Classic Movie Of The Week 2017

Classic Film Of The Week: Johnny Guitar (1954)

johnny guitar.jpg

Starring: Joan Crawford, Sterling Hayden, Mercedes McCambridge

Director: Nicholas Ray

Vienna (Crawford) is a saloon owner in the Old West, whose business sits on land where the railroad will come. She stands to make a lot of money in the future, but the local farmers think she’s a bad seed, along with the rough and ready gang that hang out in her bar. They also don’t look forward to the changes that the railroad will bring.

Things come to a head when her old flame Johnny Guitar (Hayden) returns to town, stirring up old feelings, and a robbery takes place. This is just the ammunition that Emma (McCambridge) needs to turn the full force of her malice and venom on Vienna, who she hates because she has the love of the man that Emma cannot admit to herself that she really wants.

It’s a film of epic emotion, with bright colours and hysterical characters who deliver big speeches. It’s something that you’ll either love or hate, because it is larger than life in so many ways, but from a filmic perspective it’s a really interesting film. It focuses on two women, Vienna and Emma, who are polar opposites. Emma is so repressed that her feelings have twisted into violent and murderous hatred. Vienna is an independent woman, unafraid of change.  Emma hides her evil behind respectability, whilst Vienna is perhaps not traditional, but has honour. She’s willing to make a stand for what is right, and perhaps that’s why the men fight over her, and why Emma is so destructively jealous of her. There are not many westerns that are about women like this.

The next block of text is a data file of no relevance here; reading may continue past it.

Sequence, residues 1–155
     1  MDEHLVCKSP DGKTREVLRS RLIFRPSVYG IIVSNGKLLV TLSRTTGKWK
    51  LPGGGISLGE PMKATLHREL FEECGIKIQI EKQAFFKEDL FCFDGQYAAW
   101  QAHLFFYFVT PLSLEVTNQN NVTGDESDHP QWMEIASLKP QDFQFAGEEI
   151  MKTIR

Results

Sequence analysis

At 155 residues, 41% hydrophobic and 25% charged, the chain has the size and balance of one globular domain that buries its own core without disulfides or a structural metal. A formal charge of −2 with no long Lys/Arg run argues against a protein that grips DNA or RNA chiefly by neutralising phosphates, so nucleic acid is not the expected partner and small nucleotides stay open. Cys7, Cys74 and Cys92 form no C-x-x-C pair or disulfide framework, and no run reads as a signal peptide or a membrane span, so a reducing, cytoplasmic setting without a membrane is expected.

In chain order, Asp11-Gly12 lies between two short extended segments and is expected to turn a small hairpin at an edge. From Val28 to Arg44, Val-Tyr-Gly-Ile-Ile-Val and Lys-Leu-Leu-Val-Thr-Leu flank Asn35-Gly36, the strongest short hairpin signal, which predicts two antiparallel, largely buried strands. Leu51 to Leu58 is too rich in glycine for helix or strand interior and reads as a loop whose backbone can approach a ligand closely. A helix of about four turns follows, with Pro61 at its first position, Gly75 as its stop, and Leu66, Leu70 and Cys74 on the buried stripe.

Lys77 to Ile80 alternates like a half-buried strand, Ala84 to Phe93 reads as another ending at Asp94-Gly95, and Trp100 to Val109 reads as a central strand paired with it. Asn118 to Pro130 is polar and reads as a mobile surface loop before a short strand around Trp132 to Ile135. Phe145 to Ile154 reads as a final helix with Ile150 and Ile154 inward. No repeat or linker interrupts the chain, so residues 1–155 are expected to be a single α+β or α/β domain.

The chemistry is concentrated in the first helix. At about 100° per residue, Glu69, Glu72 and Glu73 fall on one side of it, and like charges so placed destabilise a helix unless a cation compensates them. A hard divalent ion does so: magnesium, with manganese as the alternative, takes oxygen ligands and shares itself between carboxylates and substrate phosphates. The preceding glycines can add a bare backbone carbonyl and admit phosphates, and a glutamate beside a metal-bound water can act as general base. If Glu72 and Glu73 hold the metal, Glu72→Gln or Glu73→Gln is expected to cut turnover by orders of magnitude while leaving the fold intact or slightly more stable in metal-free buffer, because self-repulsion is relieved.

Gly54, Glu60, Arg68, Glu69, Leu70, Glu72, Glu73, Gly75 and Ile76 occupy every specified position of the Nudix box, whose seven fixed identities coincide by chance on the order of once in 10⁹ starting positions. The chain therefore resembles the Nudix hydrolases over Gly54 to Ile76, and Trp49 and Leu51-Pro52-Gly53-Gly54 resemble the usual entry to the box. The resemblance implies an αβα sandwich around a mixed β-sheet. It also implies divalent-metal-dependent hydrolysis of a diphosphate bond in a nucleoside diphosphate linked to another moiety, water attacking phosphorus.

It also has been compared to the events of the 50’s, McCarthyism and the blacklist, with the lynch mob being those who went on the witch hunt, and Vienna making the moral stand that was so needed.

The colours of the film are bright and loud, with Crawford often in contrasting colours, whilst her enemy is in old fashioned black. There’s nothing quite like Crawford’s face when she delivers a moralising speech in this film, towering and brightly lit, and her costumes support the drama of every scene. It’s an intense film, and quite fun really, but man… it’s really OTT.

See It If: you like strong women in film or if you love your melodrama 50’s style, it’s a bit of a cult classic.

 

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